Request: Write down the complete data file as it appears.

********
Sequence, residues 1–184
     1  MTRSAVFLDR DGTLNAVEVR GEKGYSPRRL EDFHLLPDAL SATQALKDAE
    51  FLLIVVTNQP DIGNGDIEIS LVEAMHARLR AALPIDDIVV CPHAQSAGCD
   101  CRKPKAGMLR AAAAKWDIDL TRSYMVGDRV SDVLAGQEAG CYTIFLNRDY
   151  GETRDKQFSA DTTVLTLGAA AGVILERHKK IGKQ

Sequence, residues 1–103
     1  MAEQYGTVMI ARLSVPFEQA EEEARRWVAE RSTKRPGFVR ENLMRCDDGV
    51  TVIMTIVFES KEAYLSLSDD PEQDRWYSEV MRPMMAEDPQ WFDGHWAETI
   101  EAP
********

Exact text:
Sequence, residues 1–184
     1  MTRSAVFLDR DGTLNAVEVR GEKGYSPRRL EDFHLLPDAL SATQALKDAE
    51  FLLIVVTNQP DIGNGDIEIS LVEAMHARLR AALPIDDIVV CPHAQSAGCD
   101  CRKPKAGMLR AAAAKWDIDL TRSYMVGDRV SDVLAGQEAG CYTIFLNRDY
   151  GETRDKQFSA DTTVLTLGAA AGVILERHKK IGKQ

Sequence, residues 1–103
     1  MAEQYGTVMI ARLSVPFEQA EEEARRWVAE RSTKRPGFVR ENLMRCDDGV
    51  TVIMTIVFES KEAYLSLSDD PEQDRWYSEV MRPMMAEDPQ WFDGHWAETI
   101  EAP